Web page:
44 Historic Photos Of Native Americans Brought To Life In Striking Color

Published July 12, 2010
Updated November 16, 2020

As Native American tribes were increasingly wiped out at the turn of the 20th century, a few photographers were determined to preserve their history.

A Crow Dancer
Arrowmaker Ojibwe Man
Big Turkey
Blackfeet Girl
44 Historic Photos Of Native Americans Brought To Life In Striking Color
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As the 20th century approached, Native Americans faced mounting challenges to their lives, cultures, and traditions. After the Civil War, white settlers moved in droves toward the West. The completion of railroads leading that way only accelerated this migration — which would change the frontier forever.

Not only did farmers plow through the natural grasses to plant their crops, they also wiped out countless American bison that roamed the land. In the conflicts that followed, Native Americans often found themselves outnumbered by not only white settlers but also the U.S. government.

By the 1880s, most Native Americans had already been confined to reservations, many of which were placed in the least desirable areas. Many feared that their traditional way of life would soon be wiped out for good.

Meanwhile, some photographers like Edward Curtis, Walter McClintock, and Herman Heyn sought to preserve Native American culture through film. The colorization of these images adds a striking element — which can be seen in the gallery above.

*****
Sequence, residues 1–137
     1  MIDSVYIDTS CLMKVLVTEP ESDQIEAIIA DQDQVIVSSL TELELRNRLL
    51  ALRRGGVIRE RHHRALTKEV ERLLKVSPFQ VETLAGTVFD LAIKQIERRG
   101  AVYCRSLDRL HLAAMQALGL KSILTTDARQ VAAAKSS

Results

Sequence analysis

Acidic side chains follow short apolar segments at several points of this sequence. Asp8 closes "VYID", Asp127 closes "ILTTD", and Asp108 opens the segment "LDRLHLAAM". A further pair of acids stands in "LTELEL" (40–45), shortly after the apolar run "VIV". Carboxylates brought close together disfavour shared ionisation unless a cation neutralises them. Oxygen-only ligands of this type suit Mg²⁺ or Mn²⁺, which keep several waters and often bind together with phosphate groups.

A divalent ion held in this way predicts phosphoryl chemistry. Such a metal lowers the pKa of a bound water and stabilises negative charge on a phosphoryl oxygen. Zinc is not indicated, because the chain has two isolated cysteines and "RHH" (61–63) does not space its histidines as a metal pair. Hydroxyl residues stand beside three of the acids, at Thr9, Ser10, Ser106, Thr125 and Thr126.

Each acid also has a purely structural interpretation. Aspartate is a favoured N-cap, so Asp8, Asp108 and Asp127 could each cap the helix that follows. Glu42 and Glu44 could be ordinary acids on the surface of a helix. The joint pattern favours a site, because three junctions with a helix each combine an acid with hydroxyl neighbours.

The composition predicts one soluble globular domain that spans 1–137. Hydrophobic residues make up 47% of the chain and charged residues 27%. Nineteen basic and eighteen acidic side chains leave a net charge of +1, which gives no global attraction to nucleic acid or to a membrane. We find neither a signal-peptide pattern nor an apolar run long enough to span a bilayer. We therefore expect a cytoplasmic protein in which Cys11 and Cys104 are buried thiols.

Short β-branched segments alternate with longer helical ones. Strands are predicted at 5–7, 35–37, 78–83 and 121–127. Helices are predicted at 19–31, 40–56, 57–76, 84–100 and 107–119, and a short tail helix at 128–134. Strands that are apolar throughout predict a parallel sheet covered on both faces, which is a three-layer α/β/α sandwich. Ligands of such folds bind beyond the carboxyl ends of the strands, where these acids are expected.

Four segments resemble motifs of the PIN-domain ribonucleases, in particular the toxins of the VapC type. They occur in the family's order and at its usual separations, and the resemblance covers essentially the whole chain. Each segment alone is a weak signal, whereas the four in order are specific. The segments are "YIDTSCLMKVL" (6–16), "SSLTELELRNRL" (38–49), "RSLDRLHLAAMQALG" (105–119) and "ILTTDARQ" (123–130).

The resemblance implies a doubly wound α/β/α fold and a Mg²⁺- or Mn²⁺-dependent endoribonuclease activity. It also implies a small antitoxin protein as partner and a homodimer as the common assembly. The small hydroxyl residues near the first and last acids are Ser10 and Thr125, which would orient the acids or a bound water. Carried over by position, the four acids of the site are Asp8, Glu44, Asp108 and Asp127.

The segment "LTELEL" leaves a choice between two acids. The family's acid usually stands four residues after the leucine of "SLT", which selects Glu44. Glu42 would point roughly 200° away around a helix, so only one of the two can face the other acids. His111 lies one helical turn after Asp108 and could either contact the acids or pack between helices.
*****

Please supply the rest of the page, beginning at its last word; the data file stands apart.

Photographing A Disappearing People

Edward Curtis Photo

Edward Curtis/Library of CongressTitled "The Vanishing Race," this Edward Curtis photo depicts Navajos on horseback in 1904.

At the turn of the 20th century, the construction of railroads had dramatically and aggressively changed the western United States. It allowed white settlers to have easier access to the West. So it didn't take long for them to force Native American tribes onto reservations so they could take advantage of the best land.

To make matters even more difficult, the bison population — which was a food source for many tribes — had been decimated. Herds once numbered in the millions. By 1889, only about 1,000 bison were estimated to remain.

Edward Curtis, a photographer from Seattle, believed he was in a race against time when it came to capturing the culture of Native Americans. By the time he had arrived on some reservations, he had already lost the race. Many Native American children were in boarding schools, forbidden from speaking their own languages or practicing their cultures.

Still, Curtis persisted. He sought to preserve what he called a "vanishing" people on camera. In his lifetime, Curtis took over 40,000 pictures of Native Americans. Although he sometimes leaned heavily on the traditional — encouraging his subjects to pose in ceremonial clothing — Curtis succeeded in producing an incredible body of work.

But Curtis wasn't the only photographer interested in capturing Native American culture. Walter McClintock — a Yale graduate whose photos are featured in the gallery above — also journeyed West to take pictures.

At first, McClintock was supposed to simply work on a federal commission investigating national forests. But along the way, he became friends with the expedition's Blackfoot scout, Siksikakoan (also known as William Jackson). After McClintock's official work was done, Siksikakoan introduced him to the Blackfoot communities in northwestern Montana.